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Remove unnecessary lighting by de-lamping

Ease
3
Impact
3

The removal of excess lights by ‘de-lamping’ is a simple and effective way to save energy.

Some common areas in apartment buildings are actually over lit and suitable for de-lamping. The most likely location for de-lamping is underground car parks.

De-lamping involves the removal of light bulbs or linear fluorescent tubes from light fittings while ensuring safe lighting levels to prevent accident or injury. Minimum light levels should still comply with the AS/NZS 1680.2.2 Australian lighting standard.

Steps

1. To undertake a de-lamping project you will first need to conduct an audit of lighting levels using a ‘lux meter’. A lux meter is a hand held device that allows you to directly measure lighting levels (measured in lux) and work out if an area is over lit.

You can purchase a lux meter from an electronics store for less than $100 or hire one from a technical rental company. Most lighting contractors have a lux meter and may be able to conduct an audit of lighting levels as part of a quotation for upgrades.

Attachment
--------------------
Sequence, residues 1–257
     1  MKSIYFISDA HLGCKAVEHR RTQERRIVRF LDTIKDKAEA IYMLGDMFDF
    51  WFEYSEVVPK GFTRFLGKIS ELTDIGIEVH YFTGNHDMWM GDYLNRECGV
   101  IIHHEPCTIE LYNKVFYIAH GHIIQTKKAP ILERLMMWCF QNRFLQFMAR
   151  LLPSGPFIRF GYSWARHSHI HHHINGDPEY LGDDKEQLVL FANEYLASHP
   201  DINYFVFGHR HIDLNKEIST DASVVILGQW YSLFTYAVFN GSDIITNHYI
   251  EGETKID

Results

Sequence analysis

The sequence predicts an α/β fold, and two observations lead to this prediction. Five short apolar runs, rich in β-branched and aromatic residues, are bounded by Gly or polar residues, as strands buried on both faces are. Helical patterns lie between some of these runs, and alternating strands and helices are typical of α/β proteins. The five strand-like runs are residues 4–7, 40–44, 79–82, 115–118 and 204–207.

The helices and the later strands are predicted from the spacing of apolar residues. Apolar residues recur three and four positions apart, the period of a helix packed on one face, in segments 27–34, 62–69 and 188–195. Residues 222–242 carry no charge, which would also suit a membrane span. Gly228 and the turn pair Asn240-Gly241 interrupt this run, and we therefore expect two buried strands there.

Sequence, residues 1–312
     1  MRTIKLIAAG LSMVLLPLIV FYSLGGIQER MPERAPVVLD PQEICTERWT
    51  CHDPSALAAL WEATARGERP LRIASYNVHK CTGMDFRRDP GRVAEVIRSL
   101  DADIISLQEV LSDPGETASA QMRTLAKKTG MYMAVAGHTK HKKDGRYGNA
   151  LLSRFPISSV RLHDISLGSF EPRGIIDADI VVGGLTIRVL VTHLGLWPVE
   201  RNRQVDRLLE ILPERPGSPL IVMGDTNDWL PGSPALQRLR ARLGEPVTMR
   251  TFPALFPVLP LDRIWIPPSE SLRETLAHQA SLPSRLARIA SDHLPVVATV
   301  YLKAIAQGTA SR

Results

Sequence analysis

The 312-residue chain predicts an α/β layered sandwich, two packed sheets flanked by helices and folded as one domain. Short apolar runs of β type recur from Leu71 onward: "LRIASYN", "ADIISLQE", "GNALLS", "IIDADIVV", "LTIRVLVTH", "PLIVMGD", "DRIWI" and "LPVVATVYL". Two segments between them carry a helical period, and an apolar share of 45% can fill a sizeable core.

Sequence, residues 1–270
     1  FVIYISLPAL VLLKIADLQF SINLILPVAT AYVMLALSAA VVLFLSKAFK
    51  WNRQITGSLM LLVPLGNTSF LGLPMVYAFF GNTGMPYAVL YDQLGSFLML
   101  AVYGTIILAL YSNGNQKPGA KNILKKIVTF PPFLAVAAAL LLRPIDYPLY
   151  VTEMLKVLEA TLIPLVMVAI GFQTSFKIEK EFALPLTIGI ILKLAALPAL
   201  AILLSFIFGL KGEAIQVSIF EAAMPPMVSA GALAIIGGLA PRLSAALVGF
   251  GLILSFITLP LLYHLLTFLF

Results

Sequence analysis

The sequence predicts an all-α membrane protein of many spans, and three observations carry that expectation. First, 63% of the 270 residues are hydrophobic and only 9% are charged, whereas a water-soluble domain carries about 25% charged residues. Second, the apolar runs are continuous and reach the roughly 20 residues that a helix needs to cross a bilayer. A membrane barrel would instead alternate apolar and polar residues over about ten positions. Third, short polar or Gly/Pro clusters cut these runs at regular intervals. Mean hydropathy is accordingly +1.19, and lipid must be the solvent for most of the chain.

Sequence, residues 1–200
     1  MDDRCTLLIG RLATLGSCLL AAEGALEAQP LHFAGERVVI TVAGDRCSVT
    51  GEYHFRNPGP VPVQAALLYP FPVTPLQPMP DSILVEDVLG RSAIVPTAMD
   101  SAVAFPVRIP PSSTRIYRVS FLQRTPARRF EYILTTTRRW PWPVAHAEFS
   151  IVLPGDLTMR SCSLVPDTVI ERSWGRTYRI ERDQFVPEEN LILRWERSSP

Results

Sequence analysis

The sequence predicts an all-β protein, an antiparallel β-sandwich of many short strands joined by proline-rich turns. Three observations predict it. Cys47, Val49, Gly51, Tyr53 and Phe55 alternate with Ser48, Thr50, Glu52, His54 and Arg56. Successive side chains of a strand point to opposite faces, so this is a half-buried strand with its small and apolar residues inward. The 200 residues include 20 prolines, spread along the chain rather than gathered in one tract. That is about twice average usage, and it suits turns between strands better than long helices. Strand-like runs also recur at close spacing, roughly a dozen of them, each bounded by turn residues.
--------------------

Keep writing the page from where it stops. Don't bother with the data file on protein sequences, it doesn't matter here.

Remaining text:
2. You need to take several light readings in one area to determine exactly where de-lamping could be undertaken.

3. Ensure the power is turned off and remove the excess light bulb or tube. It’s a good idea to leave a sticker on the light fitting to inform maintenance people that it has been intentionally left empty. Someone may try to install a new light in the fitting if they are unaware that this has been done on purpose.

4. Once de-lamping is complete you should measure lux levels again to ensure they are adequate and that you still have even light distribution throughout the area.

Key issues

  • Residents will need to be made aware of de-lamping otherwise you could receive reports about faulty lights
  • Some linear fluorescent fittings with twin tubes require both tubes to work effectively so these may need to be checked by an electrician
  • Save the light bulbs that have been removed so you can use them later
  • If you are disposing lights then they should be recycled appropriately

Costs and savings

The cost of de-lamping is essentially just a labour cost. If undertaken by existing maintenance staff then there is no additional cost at all. If suitable staff are not available then it is recommended the work be undertaken by a licensed electrician.